LSBU student’s British–Iraqi photography exhibitionLondon South Bank University student–photographer Hassan Al-Mousaoy has opened his award-winning exhibition of photographs by young people in Iraq and young migrants to the UK at the Ovalhouse theatre in south London.
The cross-cultural project, 'My Life in Pictures', presents a visual documentary of the experiences of young people in Iraq and Britain, the similarities and contrasts between lives lived in the two countries. The project saw Hassan this summer visiting Iraq for the first time since he claimed asylum in the UK in 2006.
Hassan was awarded a £15k Rayne Fellowship to fund the project which involved teaching a photography summer school for six young people in Iraq, then repeating the workshops with nine young migrants in the UK on his return. The grant Hassan received is part of a programme designed to support individual refugees to develop a 'big idea' that builds bridges in their community.
"I was 17 when I arrived in the UK as a refugee and I didn't speak any English at all," recounts Hassan. "I learnt photography in the UK through the PhotoVoice charity, I thought I could use the opportunity to make friends and learn English.
"My pictures began as noticing things that British people see everyday. For example, a beggar sitting outside the British Museum amongst the tourists; in Iraq we drink tea with tea leaves but in the UK, with tea bags."
Hassan, now 24, says his life and photography have changed over time.
"It's different now. When I went back to Iraq, two days after my exams, I was British; I was a tourist. It wasn't 'normal' anymore. I had to have a visa to enter the country."
Hassan's award-winning project aims to help others develop, like he did, through the art of photography. Along with his travel expenses, the Rayne Fellowship paid for cameras for each of the young people aged 14 to 18 taking part in the workshops to keep as their own.
"If you don't have a camera, two or three weeks after the workshop you'll have forgotten everything you learnt. With a camera you can keep practising, keep learning.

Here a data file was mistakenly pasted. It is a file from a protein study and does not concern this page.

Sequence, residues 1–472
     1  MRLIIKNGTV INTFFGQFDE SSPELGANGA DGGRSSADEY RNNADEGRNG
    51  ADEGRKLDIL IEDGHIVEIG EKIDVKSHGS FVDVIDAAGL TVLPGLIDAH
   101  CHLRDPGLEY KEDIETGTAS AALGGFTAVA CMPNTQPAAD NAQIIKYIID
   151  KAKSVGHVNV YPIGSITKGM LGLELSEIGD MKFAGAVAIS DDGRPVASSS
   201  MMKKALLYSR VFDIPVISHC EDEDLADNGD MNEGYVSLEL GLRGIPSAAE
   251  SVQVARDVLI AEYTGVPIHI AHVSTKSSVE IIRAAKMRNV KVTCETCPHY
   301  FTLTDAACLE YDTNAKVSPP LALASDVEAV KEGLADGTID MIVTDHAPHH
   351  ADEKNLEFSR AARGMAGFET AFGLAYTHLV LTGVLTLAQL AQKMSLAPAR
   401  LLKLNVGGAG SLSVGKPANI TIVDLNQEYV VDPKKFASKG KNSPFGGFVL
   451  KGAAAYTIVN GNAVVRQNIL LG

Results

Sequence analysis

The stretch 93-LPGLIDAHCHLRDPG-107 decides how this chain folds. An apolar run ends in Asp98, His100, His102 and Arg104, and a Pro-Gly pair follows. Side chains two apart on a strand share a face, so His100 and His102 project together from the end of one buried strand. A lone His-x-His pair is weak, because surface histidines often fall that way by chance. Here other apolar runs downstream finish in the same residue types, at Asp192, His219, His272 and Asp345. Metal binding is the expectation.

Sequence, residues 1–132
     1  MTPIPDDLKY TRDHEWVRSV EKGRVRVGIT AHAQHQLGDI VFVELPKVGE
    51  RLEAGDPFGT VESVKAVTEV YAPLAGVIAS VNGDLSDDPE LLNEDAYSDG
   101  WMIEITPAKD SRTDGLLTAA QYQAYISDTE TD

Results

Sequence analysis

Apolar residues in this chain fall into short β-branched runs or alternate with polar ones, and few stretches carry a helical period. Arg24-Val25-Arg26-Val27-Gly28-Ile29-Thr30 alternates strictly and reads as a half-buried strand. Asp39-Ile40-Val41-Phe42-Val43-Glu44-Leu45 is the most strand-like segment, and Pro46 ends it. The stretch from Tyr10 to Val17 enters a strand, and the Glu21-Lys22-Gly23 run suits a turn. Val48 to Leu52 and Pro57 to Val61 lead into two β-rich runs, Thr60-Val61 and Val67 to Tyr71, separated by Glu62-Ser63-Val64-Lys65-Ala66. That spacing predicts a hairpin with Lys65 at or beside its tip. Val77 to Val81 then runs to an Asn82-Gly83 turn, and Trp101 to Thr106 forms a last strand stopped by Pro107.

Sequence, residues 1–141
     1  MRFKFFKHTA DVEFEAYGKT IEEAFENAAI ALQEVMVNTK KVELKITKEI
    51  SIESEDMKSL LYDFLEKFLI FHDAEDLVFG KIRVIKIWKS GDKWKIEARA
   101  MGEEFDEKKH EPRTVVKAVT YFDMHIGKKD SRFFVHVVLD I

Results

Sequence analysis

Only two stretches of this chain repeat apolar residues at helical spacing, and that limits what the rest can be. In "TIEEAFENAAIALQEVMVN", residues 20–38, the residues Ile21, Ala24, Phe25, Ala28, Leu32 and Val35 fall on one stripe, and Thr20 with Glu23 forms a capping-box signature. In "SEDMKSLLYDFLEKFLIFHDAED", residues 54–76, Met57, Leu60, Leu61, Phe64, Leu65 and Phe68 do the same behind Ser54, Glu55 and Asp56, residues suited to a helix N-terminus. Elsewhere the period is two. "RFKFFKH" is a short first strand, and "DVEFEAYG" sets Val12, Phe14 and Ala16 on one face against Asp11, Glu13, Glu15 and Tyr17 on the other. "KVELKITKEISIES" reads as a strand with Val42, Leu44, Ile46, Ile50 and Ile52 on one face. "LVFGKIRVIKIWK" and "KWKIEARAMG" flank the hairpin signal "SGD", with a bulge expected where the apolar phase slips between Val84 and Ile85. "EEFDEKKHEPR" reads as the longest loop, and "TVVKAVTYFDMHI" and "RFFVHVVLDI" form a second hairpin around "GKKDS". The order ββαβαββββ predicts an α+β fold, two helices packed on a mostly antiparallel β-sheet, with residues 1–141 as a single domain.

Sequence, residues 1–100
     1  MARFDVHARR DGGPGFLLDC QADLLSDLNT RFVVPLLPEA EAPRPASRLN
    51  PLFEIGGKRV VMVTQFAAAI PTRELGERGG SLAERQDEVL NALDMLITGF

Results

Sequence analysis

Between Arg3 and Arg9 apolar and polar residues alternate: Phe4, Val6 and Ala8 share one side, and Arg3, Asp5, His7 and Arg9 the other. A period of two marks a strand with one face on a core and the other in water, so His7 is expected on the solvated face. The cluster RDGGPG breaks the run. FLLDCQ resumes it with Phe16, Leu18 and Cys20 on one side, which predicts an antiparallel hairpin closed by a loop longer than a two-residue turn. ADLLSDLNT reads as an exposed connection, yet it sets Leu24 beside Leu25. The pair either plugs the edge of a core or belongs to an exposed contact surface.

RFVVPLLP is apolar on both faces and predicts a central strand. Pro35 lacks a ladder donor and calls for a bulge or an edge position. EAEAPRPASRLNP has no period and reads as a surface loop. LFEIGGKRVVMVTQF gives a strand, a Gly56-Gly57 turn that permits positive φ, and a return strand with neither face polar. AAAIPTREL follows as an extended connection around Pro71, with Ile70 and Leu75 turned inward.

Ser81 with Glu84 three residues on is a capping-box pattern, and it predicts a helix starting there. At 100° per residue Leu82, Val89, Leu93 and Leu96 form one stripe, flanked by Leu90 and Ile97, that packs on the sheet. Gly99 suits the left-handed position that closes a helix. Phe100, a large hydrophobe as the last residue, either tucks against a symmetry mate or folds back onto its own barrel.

"I learnt photography with a compact camera and then PhotoVoice gave me an SLR, a Nikon D60. I still remember the model."
Hassan hopes to have given his fifteen amateur photographers something fun to do with their spare time and that it leads to a brighter future.
"Young people in Iraq have to support their family, sorting recycling, living in tents both summer and winter. People in Iraq have the right to change their lives. It looks good for the students to have this exhibition on their CV."
Hassan is in his second year studying towards a Bachelor of Engineering at LSBU, having completed an Access to Higher Education Diploma at Lambeth College. He receives a bursary through LSBU's support scheme for care leavers.
Hassan has featured in eleven exhibitions previously, including at The Photographers' Gallery, Tate Modern and National Theatre. He has also published two books with PhotoVoice, is part of a drama group and has acted at the Young Vic.
His next project is a solo exhibition of pictures taken while in Iraq which he hopes to receive funding for. But, with semester starting, Hassan keeps his study and photography quite separate.
"I have two balls to kick. If I kick both of them at the same time, I fall down!"
'My Life in Pictures', part of the Arts and Migration Festival at Ovalhouse, runs until 14 September.